Did you know there’s a micro-generation that exists between Generation X and Millennials?

And why the heck do we need to define micro-generations? At a glance, it seems like a pretty ridiculous effort when there are already so many clearly definable generations across the zeitgeist. But there’s one micro-generation that would be an absolute detriment to ignore, my generation, Xennials–– Xer/Millennial.

Xennials are those unique cats born between the two generations currently dominating the workforce––Generation X and Generation Y, or Millennials. Born somewhere between 1975 and 1985, Xennials are kind of like a Millennial’s slightly darker, sassy, switched-on, cooler older sibling.

Millennials have long claimed the title of the “first digital natives” and therefore seem to own the space in business thriving from digital anything. But, too often we overlook another very important generational sub-culture that resides in a similar court and can work the digital business space just as well, if not better.

Xennials are not digital natives, we existed long before shit got tech-y. Our television was programmed, our music was on tape, homework was done on paper, and the closest us early eighties kids got to virtual reality was the cartoon strip coming alive in the A-Ha Take on Me clip. The introduction of computers and digital technology was as foreign to us as it was to the Boomers. But, because of this, we actually have an importantly defining edge on Millennials, and that is, we were born into analogue and grew in the digital era. And we’re dexterous with both.

Xennials remember what life was like without the internet, mobile phones and Ubereats. Many might even remember life before McDonalds drive thru––YES, Millens, we used to actually get out of the car and walk into the restaurant––and yes, my young friends, McDonald’s was known as a ‘family restaurant’ when we were kids. Same as KFC & Pizza Hut. We weren’t as spoiled for choice when it comes to takeout as Millennials. Gawd, we’d never have imagined scrolling through phones and picking our meals from a gallery of beautifully shot food porn, and then have it appear at the push of a button–– that only happened on the Jetsons! And besides, phones lived on the wall, or on the telephone table. At a stretch, a ‘mobile phone’ might have referred to pulling the phone extension cord down the hall and into your bedroom to talk to a boy.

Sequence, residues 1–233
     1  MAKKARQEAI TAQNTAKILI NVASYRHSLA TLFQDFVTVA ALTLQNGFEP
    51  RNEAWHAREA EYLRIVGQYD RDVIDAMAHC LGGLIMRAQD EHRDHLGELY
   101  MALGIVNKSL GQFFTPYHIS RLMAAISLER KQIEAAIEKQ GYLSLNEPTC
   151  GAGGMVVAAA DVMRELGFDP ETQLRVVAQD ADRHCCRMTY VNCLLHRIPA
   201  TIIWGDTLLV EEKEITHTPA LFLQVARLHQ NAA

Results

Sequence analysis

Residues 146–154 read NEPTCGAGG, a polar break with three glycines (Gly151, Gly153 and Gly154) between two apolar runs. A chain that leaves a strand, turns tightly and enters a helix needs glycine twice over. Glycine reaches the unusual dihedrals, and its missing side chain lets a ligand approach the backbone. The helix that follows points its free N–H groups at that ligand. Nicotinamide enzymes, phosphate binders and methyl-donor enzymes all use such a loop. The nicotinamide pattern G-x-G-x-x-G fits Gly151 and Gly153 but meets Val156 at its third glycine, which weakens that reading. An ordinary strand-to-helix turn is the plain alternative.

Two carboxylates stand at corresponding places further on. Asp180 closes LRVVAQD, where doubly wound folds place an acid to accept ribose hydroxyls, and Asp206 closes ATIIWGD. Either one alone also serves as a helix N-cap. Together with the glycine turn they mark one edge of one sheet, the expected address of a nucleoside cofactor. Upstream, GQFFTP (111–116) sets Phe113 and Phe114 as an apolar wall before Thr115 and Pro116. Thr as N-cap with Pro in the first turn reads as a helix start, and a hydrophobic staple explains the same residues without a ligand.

I’m a proud Xennial and I am also proud to have grasped digital media, along with digital business software and the myriad positives that comes with life in digital. But I could just as easily live without it––that’s the distinct difference between Millennials and Xennials. I lived without a mobile phone until I was twenty-three years old and a smart phone even longer. And I survived. I got through Uni, worked in corporate roles, travelled easy and, I actually had a great social life. Probably because I had no idea what anyone else was doing unless I was doing it with them. FOMO didn’t exist when I was younger, because social media didn’t exist. I’m certain this type of development gives Xennials a bit more social confidence to be somewhat individual––which actually really helps in leadership roles.

It’s important to recognise the difference between Xennials and Millennials, and even more so between Xennials and Generation X-ers. The benefits of having a Xennial on your team or in a leadership role are endless and most importantly they will be the bridge between the two dominating generations. According to reports, Xennials are slightly more realistic than Millennials, and slightly less pessimistic than their forbearers, Generation X––or Generation Angst as you might kid. The perfect balance really.